If your child is struggling, it may be best to wait until they are a little older and have developed the necessary skills, such as fine motor control and concentration, before teaching them to read.

Teaching our children to read at an early age can also have its disadvantages:

  • It can cause them unnecessary stress
  • Could lead to them becoming bored with school
  • Encourage them to fall into the comparison trap at far too early an age

If you decide to teach your child to read before they start school, it is important to do so in a way that is fun and relaxed.

Reading should be something that your child enjoys and looks forward to, not something that causes them anxiety or frustration.

What Age Should A Child Read Fluently?

There is no definitive answer to this question as every child develops at their own pace. However, a good benchmark to aim for would be by the time they are in Year 3 or 4.

By this age, most children should be able to read fluently and with comprehension. If your child is not yet reading fluently, don’t worry – there is no need to push them.

Just continue to encourage a love of reading and let them progress at their own pace.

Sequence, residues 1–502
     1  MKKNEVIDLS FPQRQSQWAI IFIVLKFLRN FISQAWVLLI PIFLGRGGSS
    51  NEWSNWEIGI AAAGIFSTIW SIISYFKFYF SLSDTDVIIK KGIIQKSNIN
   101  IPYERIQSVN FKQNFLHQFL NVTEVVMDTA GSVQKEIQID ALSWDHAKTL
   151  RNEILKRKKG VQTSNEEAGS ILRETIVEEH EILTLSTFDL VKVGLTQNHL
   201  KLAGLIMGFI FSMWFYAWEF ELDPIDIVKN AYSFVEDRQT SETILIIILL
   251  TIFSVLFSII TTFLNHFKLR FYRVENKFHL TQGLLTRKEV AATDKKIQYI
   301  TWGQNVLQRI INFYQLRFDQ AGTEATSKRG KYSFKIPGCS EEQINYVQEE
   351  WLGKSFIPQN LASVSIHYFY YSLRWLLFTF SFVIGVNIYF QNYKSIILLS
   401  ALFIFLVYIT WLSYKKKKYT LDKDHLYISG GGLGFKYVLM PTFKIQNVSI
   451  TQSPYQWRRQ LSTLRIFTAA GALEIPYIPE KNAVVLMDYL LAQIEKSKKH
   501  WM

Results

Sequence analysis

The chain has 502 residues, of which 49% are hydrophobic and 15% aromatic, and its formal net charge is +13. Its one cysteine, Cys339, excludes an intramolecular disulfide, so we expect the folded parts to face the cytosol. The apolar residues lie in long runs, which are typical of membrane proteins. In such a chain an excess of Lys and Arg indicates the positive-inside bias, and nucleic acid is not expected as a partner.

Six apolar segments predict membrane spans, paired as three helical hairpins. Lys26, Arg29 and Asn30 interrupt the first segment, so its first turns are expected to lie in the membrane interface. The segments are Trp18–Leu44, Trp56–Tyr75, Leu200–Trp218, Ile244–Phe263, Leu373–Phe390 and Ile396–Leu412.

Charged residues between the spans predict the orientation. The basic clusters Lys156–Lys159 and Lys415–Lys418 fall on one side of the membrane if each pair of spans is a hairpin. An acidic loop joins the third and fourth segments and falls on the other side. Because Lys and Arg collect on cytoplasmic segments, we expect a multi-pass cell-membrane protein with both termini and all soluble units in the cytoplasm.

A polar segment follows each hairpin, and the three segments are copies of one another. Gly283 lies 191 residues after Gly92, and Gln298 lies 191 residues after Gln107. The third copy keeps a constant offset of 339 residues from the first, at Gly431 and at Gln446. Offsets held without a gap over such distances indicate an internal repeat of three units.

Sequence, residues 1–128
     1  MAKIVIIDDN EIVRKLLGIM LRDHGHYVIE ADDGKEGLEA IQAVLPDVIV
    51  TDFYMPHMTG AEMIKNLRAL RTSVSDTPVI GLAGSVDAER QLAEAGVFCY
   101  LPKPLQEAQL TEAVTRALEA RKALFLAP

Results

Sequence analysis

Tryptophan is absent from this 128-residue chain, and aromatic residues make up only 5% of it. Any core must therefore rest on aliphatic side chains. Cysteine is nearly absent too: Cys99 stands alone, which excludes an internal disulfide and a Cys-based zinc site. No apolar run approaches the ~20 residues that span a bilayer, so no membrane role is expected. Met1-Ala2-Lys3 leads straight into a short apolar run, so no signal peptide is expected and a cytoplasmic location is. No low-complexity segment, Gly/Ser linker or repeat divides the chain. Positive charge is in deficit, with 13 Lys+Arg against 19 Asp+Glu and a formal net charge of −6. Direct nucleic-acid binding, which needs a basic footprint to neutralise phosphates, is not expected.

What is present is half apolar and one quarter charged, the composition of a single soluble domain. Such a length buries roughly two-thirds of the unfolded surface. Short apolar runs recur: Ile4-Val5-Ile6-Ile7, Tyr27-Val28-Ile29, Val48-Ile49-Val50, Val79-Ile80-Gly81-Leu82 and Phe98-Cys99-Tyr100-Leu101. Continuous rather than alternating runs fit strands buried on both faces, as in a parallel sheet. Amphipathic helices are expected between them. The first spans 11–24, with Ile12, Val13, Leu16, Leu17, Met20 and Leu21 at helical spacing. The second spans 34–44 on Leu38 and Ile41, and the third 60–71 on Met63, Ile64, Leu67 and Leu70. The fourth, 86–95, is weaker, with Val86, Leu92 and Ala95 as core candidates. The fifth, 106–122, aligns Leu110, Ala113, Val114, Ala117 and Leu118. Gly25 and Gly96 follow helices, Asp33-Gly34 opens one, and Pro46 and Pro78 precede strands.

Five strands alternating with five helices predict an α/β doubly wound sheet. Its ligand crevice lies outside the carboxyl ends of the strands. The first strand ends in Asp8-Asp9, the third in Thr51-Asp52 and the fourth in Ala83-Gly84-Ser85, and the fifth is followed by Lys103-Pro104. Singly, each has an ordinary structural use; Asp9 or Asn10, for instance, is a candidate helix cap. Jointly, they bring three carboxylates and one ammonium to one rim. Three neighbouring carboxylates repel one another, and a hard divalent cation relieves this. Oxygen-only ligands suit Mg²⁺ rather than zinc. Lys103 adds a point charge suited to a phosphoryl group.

How To Teach A Child To Read

If your child has shown an interest in learning to read at any early age, there are a few things you can do to help them along:

  • Read to them every day;  make it a part of your daily routine. Choose books that are interesting and age-appropriate
  • Encourage them to sound out words; use simple games and activities to help with this
  • Make reading fun; avoid any pressure or stress
  • Encourage them to look at books and magazines
  • Make up stories together
  • Play word games
  • Write letters and simple words for them to trace and become familiar with

Learning to read is a big milestone in any child’s life. But it is important to remember that every child is different and will develop at their own pace.